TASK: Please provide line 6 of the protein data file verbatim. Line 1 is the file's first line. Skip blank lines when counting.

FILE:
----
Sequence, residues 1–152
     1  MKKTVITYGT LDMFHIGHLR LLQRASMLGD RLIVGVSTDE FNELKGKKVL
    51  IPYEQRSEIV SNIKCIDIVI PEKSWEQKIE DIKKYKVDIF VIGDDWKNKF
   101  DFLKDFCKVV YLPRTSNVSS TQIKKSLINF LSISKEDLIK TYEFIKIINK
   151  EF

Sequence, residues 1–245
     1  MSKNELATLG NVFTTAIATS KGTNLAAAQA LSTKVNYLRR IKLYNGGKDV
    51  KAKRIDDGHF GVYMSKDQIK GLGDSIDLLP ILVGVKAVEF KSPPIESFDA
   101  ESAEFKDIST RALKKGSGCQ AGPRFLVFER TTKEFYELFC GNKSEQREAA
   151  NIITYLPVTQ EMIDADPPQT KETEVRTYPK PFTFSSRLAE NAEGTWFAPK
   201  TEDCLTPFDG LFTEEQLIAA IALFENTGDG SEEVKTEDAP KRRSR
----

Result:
Sequence, residues 1–245